Today, Microsoft is announcing the availability of a new tool called Daytona that will make it easier for researchers to harness the power of “cloud computing” to discover insights in huge quantities of data.
Daytona, which will be freely available to the research community, builds on an existing cloud computing collaboration between the National Science Foundation and Microsoft. In April, NSF announced that it was funding 13 teams to take advantage of Microsoft’s offer to provide free access to its Windows Azure cloud. Among other things, these projects will improve our understanding of large watersheds such as the Savannah River Basin, enable more and better use of renewable energy through improved weather forecasting, predict the interactions between proteins, and make cloud computing more secure, reliable, and accessible over mobile devices.
The new partnership, along with NSF collaborations with other leading IT companies, will help researchers access the computing power and storage capacity they need to tackle the big questions in their field. That’s important because researchers in a growing number of fields are generating extremely large data sets, commonly referred to as “Big Data.” For example, the size of DNA sequencing databases is increasing by a factor of 10 every 18 months! Researchers need better tools to help them store, index, search, visualize, and analyze these data, allowing them to discover new patterns and connections.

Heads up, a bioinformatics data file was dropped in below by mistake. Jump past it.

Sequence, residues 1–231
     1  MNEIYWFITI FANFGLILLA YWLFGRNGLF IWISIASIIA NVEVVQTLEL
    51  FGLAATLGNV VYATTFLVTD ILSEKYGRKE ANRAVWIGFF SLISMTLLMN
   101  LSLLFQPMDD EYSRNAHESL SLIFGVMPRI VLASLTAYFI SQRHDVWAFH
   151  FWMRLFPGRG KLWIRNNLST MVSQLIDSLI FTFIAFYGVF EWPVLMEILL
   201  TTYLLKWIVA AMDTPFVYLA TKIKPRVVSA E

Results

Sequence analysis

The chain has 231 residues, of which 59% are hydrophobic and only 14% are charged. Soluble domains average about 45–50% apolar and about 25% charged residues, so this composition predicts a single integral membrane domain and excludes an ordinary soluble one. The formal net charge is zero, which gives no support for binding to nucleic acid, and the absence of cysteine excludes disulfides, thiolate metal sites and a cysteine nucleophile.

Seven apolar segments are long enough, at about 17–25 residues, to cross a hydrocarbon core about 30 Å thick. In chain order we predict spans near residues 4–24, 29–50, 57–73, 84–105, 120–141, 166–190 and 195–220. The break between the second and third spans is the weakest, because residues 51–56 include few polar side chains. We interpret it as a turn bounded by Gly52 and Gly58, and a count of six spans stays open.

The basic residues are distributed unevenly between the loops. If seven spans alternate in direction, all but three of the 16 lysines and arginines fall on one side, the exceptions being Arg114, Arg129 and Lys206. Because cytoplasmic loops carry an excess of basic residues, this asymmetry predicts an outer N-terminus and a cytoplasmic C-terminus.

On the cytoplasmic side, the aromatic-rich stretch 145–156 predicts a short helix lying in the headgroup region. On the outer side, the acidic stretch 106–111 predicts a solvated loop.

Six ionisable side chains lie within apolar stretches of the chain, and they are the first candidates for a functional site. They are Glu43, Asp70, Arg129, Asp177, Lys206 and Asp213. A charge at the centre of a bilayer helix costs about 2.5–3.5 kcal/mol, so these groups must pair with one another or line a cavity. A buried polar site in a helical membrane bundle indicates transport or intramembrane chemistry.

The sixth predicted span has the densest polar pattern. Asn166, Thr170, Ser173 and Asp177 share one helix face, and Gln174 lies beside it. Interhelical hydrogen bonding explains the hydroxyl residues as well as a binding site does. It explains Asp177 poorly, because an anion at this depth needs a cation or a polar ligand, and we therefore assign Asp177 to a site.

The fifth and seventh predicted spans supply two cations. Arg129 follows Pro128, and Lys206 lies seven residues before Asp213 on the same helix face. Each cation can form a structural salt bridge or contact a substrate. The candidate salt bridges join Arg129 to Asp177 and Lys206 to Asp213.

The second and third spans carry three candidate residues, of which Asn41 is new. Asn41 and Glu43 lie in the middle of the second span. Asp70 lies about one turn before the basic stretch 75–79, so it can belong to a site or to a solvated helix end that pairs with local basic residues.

Increases in the ability to make predictions and more informed decisions on the basis of Big Data will have implications far beyond science and engineering. They have the potential to improve healthcare, increase economic productivity, personalize education, strengthen our national security, and improve the management of America’s infrastructure, including transportation and the electric grid. Given the scope and magnitude of Big Data’s potential economic, societal and scientific impact, the Office of Science and Technology Policy has asked Federal agencies to form a Senior Steering Group on this subject. Agencies are working to identify the investments that the government should be making in areas such as research, education and workforce development, Big Data-related prizes and challenges, infrastructure, and pilot projects that explore a broad range of potential applications.
Harnessing the power of Big Data will require new partnerships between government, industry, and academia—partnerships like the Microsoft-NSF collaboration. It will also require efforts to shape the national research agenda, such as the Computing Community Consortium’s papers on data analytics. I hope that more companies and research communities will join with the Administration to make the most of this opportunity.
Tom Kalil is Deputy Director for Policy at OSTP